Confederate commander John Bell Hood launched the final frontal infantry attack of the war at 4PM that day. While George Wagner’s men held off the onslaught of some 20,000 men for a while, the small group was quickly overwhelmed. Many were captured, but the others ran pell-mell toward the opening in the breastworks on Columbia Pike. As Union commander John Schofield directed artillery attacks against the rebels from Fort Granger, the rebel onslaught came to the main line and, in the middle, went through and over it. To their left and right their attacks were thwarted, including to the east as the Confederates got entangled in the Orange Osage and were easy targets for Jack Casement’s men’s repeater rifles. But in the middle, the Union’s crisis was at hand. At about 4:30, five minutes before sunset, the Union forces were teetering on the edge as the men fought in a maelstrom of rifle fire and hand-to-hand combat.
But then the Union forces came to the fore to “save the day.” Commandant on the line General Jacob Cox had had the foresight of setting up a second line. Seeing the crisis, he sent a courier to tell Colonel Emerson Opdycke to come to the center to assist. He then rode to the center, rallying his men from the second line, and they responded. Several regiments, including the 44th Missouri, 175th Ohio, and 183rd Ohio, rushed to meet the challenge, even as the artillery from Fort Granger and the rifles from Casement and General Ruger held the left and right. Soon after, Opdycke and his brigade arrived and helped to seal off the rebel attack, forming a new defensive line along Cox’s second line. By 5 PM the crisis had been met and the Union suffered no more rebel incursions.
Hood, viewing the battle and seeing something resembling the Union disaster at Chickamauga, continued to send his men forward in the dark. From 5-7 PM they suffered countless casualties. At 7 Hood sent some of S.D. Lee’s men, who had just arrived from Columbia, to test the Union right, and they too were thwarted. Though the fighting continued until 10, at 7 Cox told Schofield he could hold the line indefinitely. Soon after, Schofield telegraphed Thomas that the day had been won and that he would follow Thomas’s orders to continue the withdrawal over the Harpeth that evening. Cox protested that he could finish off Hood the next day, but Schofield demurred.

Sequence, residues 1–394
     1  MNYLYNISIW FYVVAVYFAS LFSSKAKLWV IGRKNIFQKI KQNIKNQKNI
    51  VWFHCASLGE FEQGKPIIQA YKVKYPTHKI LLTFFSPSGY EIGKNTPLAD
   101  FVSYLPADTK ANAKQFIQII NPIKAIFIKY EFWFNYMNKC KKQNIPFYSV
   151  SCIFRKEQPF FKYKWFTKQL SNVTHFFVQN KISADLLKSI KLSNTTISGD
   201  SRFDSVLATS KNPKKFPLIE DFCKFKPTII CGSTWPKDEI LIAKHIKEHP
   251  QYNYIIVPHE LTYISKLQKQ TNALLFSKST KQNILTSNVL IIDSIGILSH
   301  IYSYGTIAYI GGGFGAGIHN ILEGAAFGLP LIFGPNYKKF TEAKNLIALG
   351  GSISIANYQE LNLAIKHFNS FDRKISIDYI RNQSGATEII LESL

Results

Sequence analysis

At midnight the Union forces began their withdrawal over the Harpeth toward Nashville. By leaving the field to the Confederates, the latter was, at least technically the victor. But this was a classic Pyrrhic victory — Union casualties were 1/3 those of the Confederates, with the death count 1700 vs. 170. Six Confederate generals, including Patrick Cleburne, were killed, and dozens of senior officers in the devastated Army of Tennessee were dead or seriously wounded. The Union army, fighting behind strong breastworks, proved that fighting on the defensive was, by this stage of the war, the preferred approach. The Confederates proved that Napoleonic infantry charges were pointless and hopeless in the age of booming cannon, repeater rifles, and strong breastworks.
Two weeks later, at the Dec. 15-16 Battle of Nashville, Hood’s Army of Tennessee was finally obliterated. But it had suffered an irreparable blow at the Battle of Franklin.
Below are images of the battle, including illustrating the two Union lines; a painting of the fighting near the Carter House; a Kurz and Allison painting showing General Cox leading his men; and my book about the battle.